When distributing the booty, not a single resident of Rome was forgotten. 22 thousand tables with refreshments awaited citizens. Spectacles and games involving infantry, cavalry, and even fighting elephants shocked the Romans.
Imperator Gaius Iulius Caesar
Nothing seemed to stop Caesar from enjoying the fullness of power now. He is a lifelong dictator. The title “emperor” is added to his name, which becomes part of the name (Imperator Gaius Iulius Caesar). He receives the honorary title of Father of the Fatherland (Parens Patriae) and Liberator (Liberator). Caesar is regularly elected consul. Almost royal honors are shown to him. His generic name is the month in which he was born – July. Temples are built in his honor, his images are set among the gods. An oath in the name of Caesar becomes binding in the courts.
With such enormous powers, Caesar pursues a number of important reforms: expands the Senate and increases the number of magistrates at the expense of its legionnaires, thereby weakening the power of both the Senate and the magistrates. He is carrying out agrarian reform and is developing a new code of laws (“Lex Iulia de vi et de majestate”). Caesar is reforming the calendar to stop political fraud due to disputes about the calculation of time (see the article “Ancient Rome”). This calendar has since been called Julian. Caesar has great plans for the future: to build a new theater, the temple of Mars, open Greek and Roman libraries, pacify the Dacians and Parthians. However, these plans were not destined to materialize.
Despite the clementia policy that Caesar has steadily pursued, discontent is ripening against his power. Caesar forgave and returned the former Pompeians. Even after the battle of Farsalus, he burned down all of Pompey’s correspondence, demonstrating that he was not interested in who supported his opponent, and announced that everyone who addressed him would receive forgiveness. However, such mercy ended badly for him.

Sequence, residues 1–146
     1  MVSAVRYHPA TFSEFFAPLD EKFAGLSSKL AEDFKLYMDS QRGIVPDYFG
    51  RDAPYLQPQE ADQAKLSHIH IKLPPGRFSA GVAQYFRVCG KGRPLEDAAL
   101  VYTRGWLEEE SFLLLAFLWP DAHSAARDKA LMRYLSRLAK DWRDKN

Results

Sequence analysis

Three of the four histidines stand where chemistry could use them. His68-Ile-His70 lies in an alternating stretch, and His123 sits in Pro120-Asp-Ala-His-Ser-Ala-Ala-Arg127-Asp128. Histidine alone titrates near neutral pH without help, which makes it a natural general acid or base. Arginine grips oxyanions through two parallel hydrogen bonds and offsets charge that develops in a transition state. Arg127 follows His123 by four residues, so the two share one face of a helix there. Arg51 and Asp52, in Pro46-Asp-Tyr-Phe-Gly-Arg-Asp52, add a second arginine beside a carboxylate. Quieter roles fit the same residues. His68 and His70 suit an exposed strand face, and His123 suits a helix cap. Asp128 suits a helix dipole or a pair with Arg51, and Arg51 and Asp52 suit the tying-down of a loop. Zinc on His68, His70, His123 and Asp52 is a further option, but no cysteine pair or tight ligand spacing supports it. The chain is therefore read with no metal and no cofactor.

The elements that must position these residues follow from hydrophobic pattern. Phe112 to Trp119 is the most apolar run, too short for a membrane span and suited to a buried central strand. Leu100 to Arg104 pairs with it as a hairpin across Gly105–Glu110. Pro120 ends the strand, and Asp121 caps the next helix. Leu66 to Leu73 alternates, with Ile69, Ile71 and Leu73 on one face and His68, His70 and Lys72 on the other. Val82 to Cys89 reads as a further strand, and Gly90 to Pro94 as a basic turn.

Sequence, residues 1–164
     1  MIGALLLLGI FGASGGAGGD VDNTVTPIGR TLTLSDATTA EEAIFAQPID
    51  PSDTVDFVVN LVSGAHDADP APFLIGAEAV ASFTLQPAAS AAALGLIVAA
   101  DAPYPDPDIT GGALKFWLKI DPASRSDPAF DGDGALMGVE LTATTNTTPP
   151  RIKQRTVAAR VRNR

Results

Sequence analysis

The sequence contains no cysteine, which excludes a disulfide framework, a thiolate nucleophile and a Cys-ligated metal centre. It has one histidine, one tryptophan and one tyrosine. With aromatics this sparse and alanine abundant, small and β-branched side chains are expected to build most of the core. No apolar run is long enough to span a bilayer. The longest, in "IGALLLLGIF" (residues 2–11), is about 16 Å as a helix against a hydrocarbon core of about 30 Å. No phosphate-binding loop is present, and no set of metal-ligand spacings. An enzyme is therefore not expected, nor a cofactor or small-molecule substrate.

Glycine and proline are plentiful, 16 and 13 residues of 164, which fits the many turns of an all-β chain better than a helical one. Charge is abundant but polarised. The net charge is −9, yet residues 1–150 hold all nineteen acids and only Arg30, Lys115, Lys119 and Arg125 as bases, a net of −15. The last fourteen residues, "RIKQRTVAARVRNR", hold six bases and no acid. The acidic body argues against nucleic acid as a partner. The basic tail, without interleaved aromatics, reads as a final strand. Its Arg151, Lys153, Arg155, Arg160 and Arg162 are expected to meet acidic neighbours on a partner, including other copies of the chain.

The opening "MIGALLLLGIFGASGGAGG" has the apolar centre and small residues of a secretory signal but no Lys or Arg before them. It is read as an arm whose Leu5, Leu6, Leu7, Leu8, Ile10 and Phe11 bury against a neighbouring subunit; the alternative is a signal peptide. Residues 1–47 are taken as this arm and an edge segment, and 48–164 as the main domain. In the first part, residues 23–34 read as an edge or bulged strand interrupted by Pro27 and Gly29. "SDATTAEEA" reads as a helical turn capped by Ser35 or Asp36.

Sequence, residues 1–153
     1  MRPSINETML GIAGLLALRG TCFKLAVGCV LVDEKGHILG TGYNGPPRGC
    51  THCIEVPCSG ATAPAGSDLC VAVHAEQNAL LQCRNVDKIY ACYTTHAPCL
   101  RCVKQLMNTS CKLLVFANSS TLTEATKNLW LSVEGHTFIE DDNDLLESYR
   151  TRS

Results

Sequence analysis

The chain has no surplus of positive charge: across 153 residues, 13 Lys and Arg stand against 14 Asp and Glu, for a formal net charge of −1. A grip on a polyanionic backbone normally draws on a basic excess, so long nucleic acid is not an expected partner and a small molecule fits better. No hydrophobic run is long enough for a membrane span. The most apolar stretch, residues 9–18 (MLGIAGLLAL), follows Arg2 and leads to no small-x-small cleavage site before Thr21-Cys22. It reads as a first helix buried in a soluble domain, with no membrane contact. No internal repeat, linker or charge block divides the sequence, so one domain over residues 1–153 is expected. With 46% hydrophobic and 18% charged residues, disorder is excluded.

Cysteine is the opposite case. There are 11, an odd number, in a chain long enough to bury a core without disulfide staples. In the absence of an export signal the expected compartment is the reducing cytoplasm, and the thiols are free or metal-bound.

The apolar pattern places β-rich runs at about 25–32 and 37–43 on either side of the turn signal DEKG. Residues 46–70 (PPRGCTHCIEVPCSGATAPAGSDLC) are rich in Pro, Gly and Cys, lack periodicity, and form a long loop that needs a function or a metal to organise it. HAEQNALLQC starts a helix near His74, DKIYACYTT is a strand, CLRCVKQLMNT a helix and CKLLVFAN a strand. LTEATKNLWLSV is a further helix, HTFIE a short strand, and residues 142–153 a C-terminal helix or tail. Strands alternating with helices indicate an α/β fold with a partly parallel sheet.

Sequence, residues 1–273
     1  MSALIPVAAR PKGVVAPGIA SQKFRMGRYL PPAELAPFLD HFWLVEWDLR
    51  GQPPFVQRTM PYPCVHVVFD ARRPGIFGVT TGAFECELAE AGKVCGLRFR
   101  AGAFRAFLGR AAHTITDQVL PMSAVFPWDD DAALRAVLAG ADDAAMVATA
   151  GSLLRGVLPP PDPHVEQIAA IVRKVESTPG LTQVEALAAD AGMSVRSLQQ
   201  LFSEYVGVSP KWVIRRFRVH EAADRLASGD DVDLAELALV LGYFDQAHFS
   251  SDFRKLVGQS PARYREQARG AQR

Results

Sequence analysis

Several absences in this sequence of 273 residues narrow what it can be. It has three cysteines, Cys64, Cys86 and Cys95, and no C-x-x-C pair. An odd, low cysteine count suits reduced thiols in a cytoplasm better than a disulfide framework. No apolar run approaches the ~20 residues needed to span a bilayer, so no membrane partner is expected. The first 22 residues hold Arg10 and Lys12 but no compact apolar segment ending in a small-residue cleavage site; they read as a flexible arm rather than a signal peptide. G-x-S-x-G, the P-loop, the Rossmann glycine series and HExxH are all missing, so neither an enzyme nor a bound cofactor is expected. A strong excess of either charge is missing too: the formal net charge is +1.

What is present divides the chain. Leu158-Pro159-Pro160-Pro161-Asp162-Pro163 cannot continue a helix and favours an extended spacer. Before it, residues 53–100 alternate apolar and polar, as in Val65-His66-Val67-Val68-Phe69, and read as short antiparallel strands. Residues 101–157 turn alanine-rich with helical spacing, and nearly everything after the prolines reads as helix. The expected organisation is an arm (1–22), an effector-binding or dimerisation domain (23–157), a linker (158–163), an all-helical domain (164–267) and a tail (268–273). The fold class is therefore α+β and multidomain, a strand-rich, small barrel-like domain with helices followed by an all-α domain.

Rumors began circulating throughout Rome that Caesar was striving to become king, that he would soon transfer the capital from Rome to Asia Minor. Many bypassed with ranks and titles, as well as those who sincerely feared for the Roman Republic, formed a conspiracy in which about 60 people were involved. Reaching the pinnacles of power and power, the divine Julius suddenly found himself in political isolation.
March 15 (the famous “March Ides”) 44 BC. e. Caesar in the Senate was assassinated by conspirators, led by former Pompeians – Mark Junius Brutus and Caius Cassius Longinus, as well as former Caesarian Decimus Junius Brutus. 23 wounds were inflicted on the omnipotent dictator by the conspirators who rushed to him, who in the bustle overtook each other. And only one wound was fatal. But Rome, after the removal of Caesar, could not turn back, and all the efforts of the conspirators to return the old republic were in vain. Soon they themselves died.
Caesar was one of the most significant figures in the history of Rome. It was with him that the Roman Empire, which lasted another five centuries, began its first steps.
None of the subsequent Roman emperors could compare with the bright and amazing personality of Guy Caesar of the Julian family, who sometimes with reckless frivolity made recklessness, but with incomprehensible firmness went to the heights of power. Caesar is much more human than all the rulers of late Rome. He was capable of love and sincere mercy. It is this, and not the arrogant stone statue and the embodied code of laws, that appears before us Gaius Julius Caesar – a writer and a talented diplomat, a brilliant commander and omnipotent dictator of Rome, who did so little and so much to ensure that his name remains for centuries.